For reaching into this end to end solution, I’ve tried to progressively use more complex models to classify the images. The K-nearest neighbor on color histograms approach as a baseline was used in Yelp Photo Classification Challenge , however they measured similarity against the average image of each class, whereas I used nearest neighbor with majority votes.
I’ve even tried a baseline convolutional model as a good-practice because I wanted to see how the model performs with a conv model with a few number of layers only(it heavily underperforms unfortunately).
To come to the point of using Data Augmentation, I had to extract the CNN features first and experiment with running different versions top layers on the CNN features. Only after applying batch normalization instead of the VGG-style fully connected model I saw significant improvement, and so I used it with the VGG architecture and applied data augmentation with it.
Even if the quality of this dataset is quite high, given it shows the raw data from real video footage of fishermen in the boats, I’m uncertain if this dataset is a “comprehensive” representation of the fishing data the system would face in real life because of small changes such as weather differences, boat color, fishermen from different nationality wearing different ethnocentric clothes or with different skin color can easily offset the model as the background will be changed.
I believe a boundary box approach that’d be able to detect the fish in the image via object detection, crop the image to zoom into the fish and then classify it will have a better chance. Perhaps, the fishing boats should make some area in their boats as a reference point too for faster classification.
The most difficult part for me was to get the experiments running on my local machine.Higher computational time results in lower number of experiments when it comes to neural networks, specially when I’m just figuring out what to do as it’s my first experience with deep learning.
Due to time and computational cost it was not possible for me to run more experiments using different known architectures other than VGG-16 such as RESNET and Inception V-3 for this dataset. It’s definitely possible that a different architecture would be more effective. A bounding box approach where we find the location of the fish in the boat first and then try to classify the fish by zooming into it can also improve the accuracy of the classifier. Given enough time and computational power, I’d definitely like to explore the different approaches.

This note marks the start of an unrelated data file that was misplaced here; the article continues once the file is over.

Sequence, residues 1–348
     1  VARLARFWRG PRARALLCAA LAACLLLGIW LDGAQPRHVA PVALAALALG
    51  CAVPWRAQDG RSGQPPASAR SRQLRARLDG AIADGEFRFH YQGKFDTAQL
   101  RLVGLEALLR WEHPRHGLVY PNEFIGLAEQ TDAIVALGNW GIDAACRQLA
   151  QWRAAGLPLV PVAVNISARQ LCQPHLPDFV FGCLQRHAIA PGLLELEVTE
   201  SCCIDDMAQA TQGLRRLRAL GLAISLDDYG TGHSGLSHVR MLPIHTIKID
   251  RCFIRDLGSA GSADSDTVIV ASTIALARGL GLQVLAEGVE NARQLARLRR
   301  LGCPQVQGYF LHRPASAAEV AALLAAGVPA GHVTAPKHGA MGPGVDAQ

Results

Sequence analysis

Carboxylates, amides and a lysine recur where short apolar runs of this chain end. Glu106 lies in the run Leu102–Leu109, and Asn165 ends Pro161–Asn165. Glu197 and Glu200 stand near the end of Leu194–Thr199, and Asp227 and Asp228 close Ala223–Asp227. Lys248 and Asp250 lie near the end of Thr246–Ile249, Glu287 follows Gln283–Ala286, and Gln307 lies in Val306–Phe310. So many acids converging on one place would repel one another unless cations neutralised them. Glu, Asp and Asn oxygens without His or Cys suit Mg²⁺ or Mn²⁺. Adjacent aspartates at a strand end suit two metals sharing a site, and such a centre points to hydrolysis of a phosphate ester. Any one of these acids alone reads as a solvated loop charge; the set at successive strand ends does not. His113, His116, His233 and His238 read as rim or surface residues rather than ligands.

As the classes were heavily imbalanced, one of my hypotheses is if I generate more photos with data augmentation for the classes that have less data than the others, save them and reach around 1000 images for each class, this model will be even more robust. I didn’t do it this time because with 8 class the training set would be around 8000 images. With data augmentation, each epoch with only 3777 training images takes me around 1 hour on my laptop, training on 8000 images would likely take 2.5x the time where each of the batches would even be slightly altered by keras when I’m using data augmentation, which takes some more time.
- http://www.exegetic.biz/blog/wp-content/uploads/2015/12/log-loss-curve.png . Log-Loss graph.
- http://cs231n.github.io/transfer-learning/ .CS231, Andrej Karpathy’s overview on Transfer Learning
- http://www.fast.ai/ . Fast Ai MOOC.
- https://blog.keras.io/building-powerful-image-classification-models-using-very-little-data.html “building classification models using very little data by Francois Chollet.”